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MGM Resurrects Dead Like Me

 MGM  Studios just finished wrapping a Dead Like Me direct to DVD movie,  revealed MGM’s Senior Executive Vice President Finance and Corporate Development Charlie Cohen during a chat at the SCI FI Channel/Entertainment Weekly Comic-Con party.

Cohen, who oversees the studio’s new Home Entertainment Productions division along with the studio’s Stargate franchise, said the movie would be released in "about a year."  He also discussed cast changes and said the studio is "open" to producing more movies and even bringing the series back for another television run.

Dead Like Me  - a dark, poignant dramedy that tracked the lives of grim reapers and their survivors - earned good ratings numbers for Showtime and developed a loyal cult following.  But the series was abruptly dumped by the network in December ‘04 after Robert Greenblatt picked up the presidential reins.

Showtime’s reasons for burying the series were never crystal.  The network told Variety that ratings weren’t high enough to warrant a third season.  Yet here on Multichannel, just weeks before the cancellation, Showtime was touting the ratings as three times the net’s prime time average.

Showtime further muddied the waters during the January ‘05 TCA press tour when critics sparred with network executives  over the Dead Like Me cancellation and assertions that they didn’t know their own ratings numbers. 

The network had renewed the now-failed Huff for a second season, even before the series premiered.  Naturally, a critic wanted to know how many viewers were tuning-in.  Chairman and CEO Matthew Blank assured the critics that Huff was "popular" and a "tremendous hit" but when asked to provide a ballpark number for viewers he balked. "I really don’t think we know…" demurred Blank.

"Do you mean to tell us that you’re operating a business flying completely blind with no idea how many people are watching?" asked the incredulous reporter.

"No, no,"  replied Blank. "We do get the linear ratings. We do other kinds of research and we rely on feedback from our cable accounts and our DBS accounts…"

"So how do you operate as a business?" the reporter snapped.

Blank dug himself a deeper hole by saying that critical buzz was more important than ratings anyway.   "But I loved Dead Like Me…," groused another critic, "it got decent reviews…I have no idea what the ratings were because you didn’t share them."

Greenblatt said the show didn’t get universally great reviews.  Neither did The L-Word, pointed out the critic.  The L-Word helps brand us, said Greenblatt.  "Dead people don’t have a constituency, is that what you’re saying?" grumbled the critic.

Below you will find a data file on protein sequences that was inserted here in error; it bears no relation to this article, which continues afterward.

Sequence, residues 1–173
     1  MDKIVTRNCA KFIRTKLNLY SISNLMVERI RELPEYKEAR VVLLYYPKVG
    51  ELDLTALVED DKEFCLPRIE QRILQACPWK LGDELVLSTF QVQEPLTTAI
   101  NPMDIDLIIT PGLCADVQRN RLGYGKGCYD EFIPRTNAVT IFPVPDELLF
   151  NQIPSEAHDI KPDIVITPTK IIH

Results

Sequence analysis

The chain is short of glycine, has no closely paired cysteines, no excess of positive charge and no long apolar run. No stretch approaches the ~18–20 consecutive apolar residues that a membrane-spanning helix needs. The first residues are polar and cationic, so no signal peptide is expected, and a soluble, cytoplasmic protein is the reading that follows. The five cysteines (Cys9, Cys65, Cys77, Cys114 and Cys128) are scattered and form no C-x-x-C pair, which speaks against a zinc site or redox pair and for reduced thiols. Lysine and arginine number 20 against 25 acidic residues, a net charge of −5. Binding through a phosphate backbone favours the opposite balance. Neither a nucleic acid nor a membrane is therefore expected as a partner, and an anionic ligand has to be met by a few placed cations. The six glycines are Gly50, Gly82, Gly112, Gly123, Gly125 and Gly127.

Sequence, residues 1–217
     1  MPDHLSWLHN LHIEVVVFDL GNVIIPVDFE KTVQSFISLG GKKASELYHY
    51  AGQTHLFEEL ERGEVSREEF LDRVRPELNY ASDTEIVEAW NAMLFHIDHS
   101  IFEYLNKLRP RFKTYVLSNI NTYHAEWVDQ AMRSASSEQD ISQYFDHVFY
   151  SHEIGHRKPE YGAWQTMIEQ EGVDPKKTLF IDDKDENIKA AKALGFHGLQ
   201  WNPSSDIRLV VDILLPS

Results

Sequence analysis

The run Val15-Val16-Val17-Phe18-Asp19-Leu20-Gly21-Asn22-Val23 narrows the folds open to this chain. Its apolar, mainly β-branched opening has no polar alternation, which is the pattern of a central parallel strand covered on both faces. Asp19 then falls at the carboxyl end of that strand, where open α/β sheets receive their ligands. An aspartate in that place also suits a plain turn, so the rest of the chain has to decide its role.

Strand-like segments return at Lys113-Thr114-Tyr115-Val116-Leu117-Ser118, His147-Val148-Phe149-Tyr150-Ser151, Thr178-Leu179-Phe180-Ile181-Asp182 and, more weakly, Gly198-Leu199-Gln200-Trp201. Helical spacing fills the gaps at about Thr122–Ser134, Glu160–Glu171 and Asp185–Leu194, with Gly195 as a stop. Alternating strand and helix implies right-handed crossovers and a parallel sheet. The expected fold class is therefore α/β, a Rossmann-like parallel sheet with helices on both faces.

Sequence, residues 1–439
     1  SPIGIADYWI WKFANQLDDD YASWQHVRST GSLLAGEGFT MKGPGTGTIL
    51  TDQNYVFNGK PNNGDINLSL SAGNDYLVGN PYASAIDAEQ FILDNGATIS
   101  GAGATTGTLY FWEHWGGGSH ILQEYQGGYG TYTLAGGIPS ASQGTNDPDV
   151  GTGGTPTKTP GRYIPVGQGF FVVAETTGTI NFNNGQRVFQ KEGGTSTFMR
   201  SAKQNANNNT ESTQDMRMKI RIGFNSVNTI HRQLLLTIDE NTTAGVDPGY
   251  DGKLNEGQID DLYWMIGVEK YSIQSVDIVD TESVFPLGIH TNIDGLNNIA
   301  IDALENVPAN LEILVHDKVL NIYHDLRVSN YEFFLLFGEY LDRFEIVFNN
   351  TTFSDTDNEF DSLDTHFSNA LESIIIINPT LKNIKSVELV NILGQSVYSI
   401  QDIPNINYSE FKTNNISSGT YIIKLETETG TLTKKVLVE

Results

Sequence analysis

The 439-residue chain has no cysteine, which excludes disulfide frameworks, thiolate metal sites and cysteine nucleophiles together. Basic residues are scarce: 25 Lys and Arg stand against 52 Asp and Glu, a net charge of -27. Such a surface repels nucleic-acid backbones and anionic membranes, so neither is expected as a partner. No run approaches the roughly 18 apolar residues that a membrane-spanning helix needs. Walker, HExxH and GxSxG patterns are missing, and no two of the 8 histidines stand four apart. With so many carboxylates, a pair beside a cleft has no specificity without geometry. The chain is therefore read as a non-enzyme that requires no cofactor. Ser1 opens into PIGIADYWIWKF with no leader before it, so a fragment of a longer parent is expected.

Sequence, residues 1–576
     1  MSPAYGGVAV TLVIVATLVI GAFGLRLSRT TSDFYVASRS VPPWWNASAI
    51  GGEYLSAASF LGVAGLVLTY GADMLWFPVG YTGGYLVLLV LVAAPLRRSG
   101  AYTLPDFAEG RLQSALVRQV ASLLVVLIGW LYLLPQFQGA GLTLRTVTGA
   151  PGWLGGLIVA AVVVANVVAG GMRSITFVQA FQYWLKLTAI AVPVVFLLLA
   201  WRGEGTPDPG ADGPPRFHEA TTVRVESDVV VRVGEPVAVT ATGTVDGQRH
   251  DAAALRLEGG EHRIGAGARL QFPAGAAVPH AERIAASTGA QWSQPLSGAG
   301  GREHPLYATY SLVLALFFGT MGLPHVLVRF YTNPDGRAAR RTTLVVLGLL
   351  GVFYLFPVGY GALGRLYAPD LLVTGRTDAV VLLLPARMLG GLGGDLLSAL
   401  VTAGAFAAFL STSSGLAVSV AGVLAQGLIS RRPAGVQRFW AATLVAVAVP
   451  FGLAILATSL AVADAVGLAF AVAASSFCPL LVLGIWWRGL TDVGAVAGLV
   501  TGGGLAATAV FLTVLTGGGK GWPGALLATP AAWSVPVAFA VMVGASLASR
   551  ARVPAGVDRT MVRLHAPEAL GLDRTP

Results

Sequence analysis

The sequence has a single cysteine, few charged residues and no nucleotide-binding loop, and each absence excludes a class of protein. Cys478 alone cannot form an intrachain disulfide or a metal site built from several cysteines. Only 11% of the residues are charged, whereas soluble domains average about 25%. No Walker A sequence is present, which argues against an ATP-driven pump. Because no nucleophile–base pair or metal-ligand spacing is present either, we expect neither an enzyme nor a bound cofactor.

"Were the numbers that bad?" asked another.

"No, but numbers are not that big a factor," replied Greenblatt.

I chimed-in finally.  "You folks recently told me that Dead Like Me was getting three times your average prime time rating, which seems to be a pretty good showing.  So, how does this show no longer fit with the network?"

"We’re trying to build a new network and a level of - you know - of creative success and sophistication…." responded Greenblatt, "for a show to take up one of our slots, it has to be firing on every level."

The moderator closed the panel at that point but I wondered how a vapid series like Kirstie Alley’s Fat Actress - unveiled at the time - qualified as sophisticated and firing on all levels.

A viewer campaign followed.  Fans costumed as grim reapers protested in front of Showtime’s NY offices.  Over 30,000 signed a petition.  But Showtime held fast to their position.

Finally, creator Bryan Fuller (Heroes, Pushing Daisies) who left the series during the first year over creative differences,  railed in a Media Village interview against what he called MGM’s meddling.

That was then, this is now.  Charlie Cohen assumed his current position at MGM in late 2006 and he’s an enthusiast for the series.

He spouts details in the best fanboy encyclopedic tradition.  (He can tell you everything you could possibly want to know about Stargate and his knowledge of Dead Like Me appears to be equally comprehensive.)

At Comic-Con MGM wrapped ten city buses with MGM promos and at least one was reserved for Dead Like Me.  The buses pulled up in rotation in front of the convention center throughout the four days.  Cohen was clearly pleased by the response.  "All kinds of people who saw that bus came up to our booth," he said, "they’re very excited about it. "

Cohen said that the Dead Like Me film had wrapped "two days ago."  Stephen Herek directed.

Ellen Muth (Georgia) returns as the lead.  "Everyone’s back," said Cohen of the cast, with the exception of Mandy Patinkin (Rube) and Laura Harris (Daisy Adair),

According to Cohen, Henry Ian Cusick (Desmond on Lost) was cast as a new character named Cameron - the head undead who hands out assignments to the reapers, taking over the slot once occupied by Patinkin

Sarah Wynter, (Dead Zone, 24) steps in as Daisy Adair.

If all goes well, Cohen sees more Dead Like Me movies, or perhaps even another television series.   "If it’s a series of movies that’s fine.  If someone saw it and thinks it makes sense to bring it back as an episodic tv series, we’re open to anything,"  he said.

However, MGM has not optioned the cast at this point.

Cohen said Dead Like Me fans can look forward to getting their hands on the DVD in "about a year."  The timing, by the way, is perfect for a Comic-Con 2008 unveiling.

(Click here for bus photos.)